The fabled green and white Star ferry service is one of few relics from Hong Kong's past to have survived the territory's modernisation.
But soon, the ferries will leave their downtown terminal and move to new premises on Hong Kong island, making way for land reclamation and construction of a road bypass.
Swish new terminals on either side of Victoria Harbour with shopping and dining facilities will make the ferries a bigger tourist attraction, says the government.
Residents are, however, up in arms and say the main ferry service between Hong Kong Island and Kowloon on the mainland will no longer be a convenient form of public transport.
"I won't take the ferry any more, it'll be too far. I'll have to take the MTR (underground railway) and that takes a lot longer," said Leo Lam, an accountant who now takes the nine-minute journey daily to work in Kowloon.
The ferries, established by a prominent Parsee businessman in the 1880s, rate as one of the territory's biggest tourist attractions, offering visitors the best view of one of the world's most spectacular harbours.
But locals make up 70 per cent of the 75,000 people who travel each day on the ferries, last year voted the city's most reliable form of public transport.
At rush hour, office workers stream off the boats, elbowing past leisurely tourists, on their way to work in the Central business district on Hong Kong Island.
Once the terminal moves 300 metres away however they face a 15-minute walk to work or connecting transport - a move that the Star Ferry Company estimates will cut passenger numbers by 13 percent.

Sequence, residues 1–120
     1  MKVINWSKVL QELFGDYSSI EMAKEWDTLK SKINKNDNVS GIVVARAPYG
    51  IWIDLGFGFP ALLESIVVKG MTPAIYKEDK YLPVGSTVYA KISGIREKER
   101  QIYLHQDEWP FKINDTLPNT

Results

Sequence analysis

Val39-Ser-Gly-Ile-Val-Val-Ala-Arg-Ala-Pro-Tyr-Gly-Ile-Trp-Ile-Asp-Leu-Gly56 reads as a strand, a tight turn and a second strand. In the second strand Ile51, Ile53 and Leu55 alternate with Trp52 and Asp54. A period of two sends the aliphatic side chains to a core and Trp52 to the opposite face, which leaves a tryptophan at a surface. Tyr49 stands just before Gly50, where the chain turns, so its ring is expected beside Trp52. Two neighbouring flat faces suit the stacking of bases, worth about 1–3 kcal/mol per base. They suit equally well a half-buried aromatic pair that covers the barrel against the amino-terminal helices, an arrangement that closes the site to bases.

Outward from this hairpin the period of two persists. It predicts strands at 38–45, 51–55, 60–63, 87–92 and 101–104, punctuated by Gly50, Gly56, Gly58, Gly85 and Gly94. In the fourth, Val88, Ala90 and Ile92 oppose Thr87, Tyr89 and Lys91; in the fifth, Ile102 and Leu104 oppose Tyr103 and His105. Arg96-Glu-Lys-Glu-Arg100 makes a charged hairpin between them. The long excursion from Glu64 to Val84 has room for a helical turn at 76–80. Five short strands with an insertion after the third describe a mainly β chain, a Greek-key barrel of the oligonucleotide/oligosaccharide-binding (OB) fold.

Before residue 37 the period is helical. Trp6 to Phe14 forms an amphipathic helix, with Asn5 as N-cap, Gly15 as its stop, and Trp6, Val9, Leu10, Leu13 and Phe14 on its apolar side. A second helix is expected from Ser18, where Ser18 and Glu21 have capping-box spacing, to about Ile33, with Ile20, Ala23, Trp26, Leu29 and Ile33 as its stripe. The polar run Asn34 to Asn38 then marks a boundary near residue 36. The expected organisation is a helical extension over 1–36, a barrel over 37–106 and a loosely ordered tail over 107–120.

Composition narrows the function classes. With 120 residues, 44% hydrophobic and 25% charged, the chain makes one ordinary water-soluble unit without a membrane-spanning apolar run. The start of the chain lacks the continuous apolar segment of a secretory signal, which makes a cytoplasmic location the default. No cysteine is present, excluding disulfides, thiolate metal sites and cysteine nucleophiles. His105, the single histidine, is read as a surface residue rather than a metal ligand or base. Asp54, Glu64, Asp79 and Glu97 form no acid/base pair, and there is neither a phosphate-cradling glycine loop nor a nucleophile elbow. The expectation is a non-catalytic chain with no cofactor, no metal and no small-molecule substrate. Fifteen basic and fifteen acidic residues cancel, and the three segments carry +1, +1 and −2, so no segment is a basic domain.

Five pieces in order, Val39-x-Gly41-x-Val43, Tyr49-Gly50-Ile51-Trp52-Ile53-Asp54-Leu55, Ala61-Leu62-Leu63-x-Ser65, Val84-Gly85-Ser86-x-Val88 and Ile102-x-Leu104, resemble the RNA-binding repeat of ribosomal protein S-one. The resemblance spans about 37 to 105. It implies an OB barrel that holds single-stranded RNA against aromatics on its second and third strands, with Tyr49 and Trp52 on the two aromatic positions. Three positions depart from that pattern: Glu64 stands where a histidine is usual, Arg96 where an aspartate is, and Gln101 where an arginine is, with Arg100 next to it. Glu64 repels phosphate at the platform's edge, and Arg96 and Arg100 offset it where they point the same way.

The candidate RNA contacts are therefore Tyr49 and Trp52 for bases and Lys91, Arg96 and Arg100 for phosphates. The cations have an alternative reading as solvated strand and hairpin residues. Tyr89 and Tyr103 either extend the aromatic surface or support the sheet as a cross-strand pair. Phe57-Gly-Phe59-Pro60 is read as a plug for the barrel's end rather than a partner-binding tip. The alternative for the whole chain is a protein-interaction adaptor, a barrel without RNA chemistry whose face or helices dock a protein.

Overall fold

On the Kowloon side, the government plans to relocate a bus terminus away from the ferry terminal and build landscaped gardens. That may attract more tourists but would cut passenger numbers by another 20 per cent or so, according to the Star Ferry company.
"On the Hong Kong side we'd like to stay where we are, the new terminal is out of the Central business district," said
Frankie Yick, managing director. "Hong Kong people are always in a rush, they want to get to places quickly."
Land reclamation has seen Victoria Harbour shrink in recent years and many people say it is spoiling the city's natural beauty and ruining its biggest natural asset, the harbour itself.
They lament the ferries' departure from their downtown location as the end of an era. Today, at HK$1.70 (around 12p) a ride on the lower deck, the cross-harbour trip is a rare bargain in one of the world's most expensive cities - partly because attempts to raise fares are routinely met with protests.
During widespread social unrest in the territory in 1966, a plan to raise the fare by just under 3p sparked four days of riots.
The ferry terminal on Hong Kong Island, once a waterfront landmark, is now dwarfed by skyscrapers and looks run down. Some ferries are 50 years old but that has not dimmed their appeal.
One Dutchman was so impressed by a ride on one that he opened a Star Ferry cafe in Amsterdam modelled on a replica green and white ferry.
As tourism has become an increasingly important contributor to the local economy, accounting for 6-8 percent of gross domestic product, the government is keen to build the ferries up as a tourist attraction.
The new terminals will house replicas of the clock towers at the existing terminals as well as floors of shopping and dining facilities, with a rooftop beer garden on the Kowloon side and a Star Ferry exhibition on the island side.
Revenue from those facilities will help subsidise the ferries. But Yick said fares might have to rise if passenger numbers drop too much.
One thing that won't change are the ferries themselves.
"No one would want that," said Mr Yick. "They are an icon."